Most traders have heard of the efficient market hypothesis (EMH) and most believe they know what it means. In a nutshell, it is a belief that the market is “efficient” and that the current price of shares is a reflection of efficiency. Right? Wrong.

    By Michael C. Thomsett,

    • 0 comments
    • 995 views
  • Put Permanent Portfolio

    Harry Browne popularized the concept of the "Permanent Portfolio" decades ago by recommending an asset allocation of 25% stocks, 25% bonds, 25% gold, and 25% cash. In the 90's, the concept of "risk parity" also became popular with writings by Cliff Asness of AQR Capital.

    By Jesse,

    • 0 comments
    • 1,511 views
  • Does HFT Harm Individual Investors?

    What is the overall impact of High Frequency Trading (HFT)? Some traders believe that the use of algorithms in super-fast and powerful computers allows large hedge funds and other institutions to beat the market, implying that because these big traders can out-perform individuals, profits are unfairly gained. But is it true?

    By Michael C. Thomsett,

    • 0 comments
    • 1,393 views
  • Defining the Anchor Strategy

    Lorintine Capital and Steady Options have been trading the Anchor strategy for a number of years. During this time Anchor has evolved as we have learned more, in no short part due to the Steady Option’s members continuing questioning of the strategy, insights they provide, and a large group of individuals seeking to improve the strategy’s efficiency.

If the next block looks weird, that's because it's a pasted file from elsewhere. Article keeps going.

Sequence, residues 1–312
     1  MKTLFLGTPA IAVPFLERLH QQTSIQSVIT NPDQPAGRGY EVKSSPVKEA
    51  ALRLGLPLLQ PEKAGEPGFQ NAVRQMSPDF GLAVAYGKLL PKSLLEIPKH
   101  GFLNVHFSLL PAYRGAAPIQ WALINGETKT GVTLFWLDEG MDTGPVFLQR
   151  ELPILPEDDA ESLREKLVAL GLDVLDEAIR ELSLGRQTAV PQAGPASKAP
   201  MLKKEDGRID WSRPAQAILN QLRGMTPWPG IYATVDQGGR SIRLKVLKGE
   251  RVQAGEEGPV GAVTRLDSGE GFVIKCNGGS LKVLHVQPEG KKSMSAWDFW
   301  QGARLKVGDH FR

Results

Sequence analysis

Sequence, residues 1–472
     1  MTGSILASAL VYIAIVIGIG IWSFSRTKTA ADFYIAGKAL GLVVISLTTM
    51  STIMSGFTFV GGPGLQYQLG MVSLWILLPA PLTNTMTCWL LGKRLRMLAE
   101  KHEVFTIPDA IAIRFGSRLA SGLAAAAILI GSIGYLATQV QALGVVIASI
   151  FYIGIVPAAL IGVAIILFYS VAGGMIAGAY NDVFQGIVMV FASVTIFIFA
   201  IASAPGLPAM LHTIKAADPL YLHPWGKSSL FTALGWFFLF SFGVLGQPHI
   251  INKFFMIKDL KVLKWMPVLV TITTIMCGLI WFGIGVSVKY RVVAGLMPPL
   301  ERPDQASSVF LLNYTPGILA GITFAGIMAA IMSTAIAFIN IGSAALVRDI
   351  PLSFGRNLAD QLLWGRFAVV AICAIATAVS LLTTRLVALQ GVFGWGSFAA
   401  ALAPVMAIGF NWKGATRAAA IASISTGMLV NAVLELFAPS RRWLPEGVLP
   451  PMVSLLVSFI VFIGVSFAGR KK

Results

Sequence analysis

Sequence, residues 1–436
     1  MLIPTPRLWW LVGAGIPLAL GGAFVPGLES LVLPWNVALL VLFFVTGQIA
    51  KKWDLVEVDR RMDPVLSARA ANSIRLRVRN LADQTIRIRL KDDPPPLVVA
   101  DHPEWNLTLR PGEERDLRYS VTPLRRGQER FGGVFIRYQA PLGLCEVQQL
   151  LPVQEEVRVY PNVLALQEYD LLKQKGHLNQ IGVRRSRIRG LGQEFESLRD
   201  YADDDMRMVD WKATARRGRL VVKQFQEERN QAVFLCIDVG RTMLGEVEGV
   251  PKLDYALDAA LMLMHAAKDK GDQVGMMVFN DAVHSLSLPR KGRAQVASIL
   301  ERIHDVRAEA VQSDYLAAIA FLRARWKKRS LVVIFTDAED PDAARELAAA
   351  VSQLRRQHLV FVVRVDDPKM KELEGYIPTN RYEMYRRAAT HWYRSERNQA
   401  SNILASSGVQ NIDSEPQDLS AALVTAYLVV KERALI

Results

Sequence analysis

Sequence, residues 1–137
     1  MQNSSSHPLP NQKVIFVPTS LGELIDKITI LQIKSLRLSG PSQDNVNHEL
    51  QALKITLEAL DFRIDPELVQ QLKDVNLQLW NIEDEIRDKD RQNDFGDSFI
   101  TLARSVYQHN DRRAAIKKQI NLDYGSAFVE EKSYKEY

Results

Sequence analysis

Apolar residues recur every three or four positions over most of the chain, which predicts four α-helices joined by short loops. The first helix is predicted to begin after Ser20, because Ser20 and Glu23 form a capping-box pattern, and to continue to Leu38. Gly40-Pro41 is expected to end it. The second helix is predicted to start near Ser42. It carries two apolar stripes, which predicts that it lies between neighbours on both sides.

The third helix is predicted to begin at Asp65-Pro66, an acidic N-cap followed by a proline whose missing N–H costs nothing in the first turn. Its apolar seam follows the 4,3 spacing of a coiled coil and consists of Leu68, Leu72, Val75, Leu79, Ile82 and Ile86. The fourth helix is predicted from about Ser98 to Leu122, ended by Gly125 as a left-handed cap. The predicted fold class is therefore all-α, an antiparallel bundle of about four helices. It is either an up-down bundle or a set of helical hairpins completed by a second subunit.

By cwelsh,

    • 0 comments
    • 784 views
  • The Life Of An Options Contract

    You may be asking yourself why am I reading this basic article about options trading? Well, if you’re anything like me, I didn’t learn options trading via the fundamentals.  Rather, I found a few strategies that made sense to me and started trading, without much regard to the underlying workings and details.

    By Drew Hilleshiem,

    • 1 comment
    • 2,902 views
  • Volatility Trends in the DJIA

    Options traders focus, often too much, on implied volatility to estimate the next change in option valuation. Is this always a wise policy? Options are derived from volatility in the underlying security (thus the term derivatives), a good question is: Why not focus on volatility trends in the underlying (historical volatility) to judge likely future valuation trends in options?

    By Michael C. Thomsett,

    • 0 comments
    • 1,672 views

  Report Article

We want to hear from you!


 

Mark, You are back! Just today I picked up your Rookies books and re-read the chapters on diagonals (for about the 20th time). When you wrote the second edition you added a chapter for calendars and also some additional material on diagonals. With regard to volatility (IV) and also VIX would you say that a trade consideration should be low put volatility for entry and bank on the high theta for the short side?

 

Share this comment


Link to comment
Share on other sites


Your content will need to be approved by a moderator

Guest
You are commenting as a guest. If you have an account, please sign in.
Add a comment...

×   Pasted as rich text.   Paste as plain text instead

  Only 75 emoticons maximum are allowed.

×   Your link has been automatically embedded.   Display as a link instead

×   Your previous content has been restored.   Clear editor

×   You cannot paste images directly. Upload or insert images from URL.

Loading...

Options Trading Blogs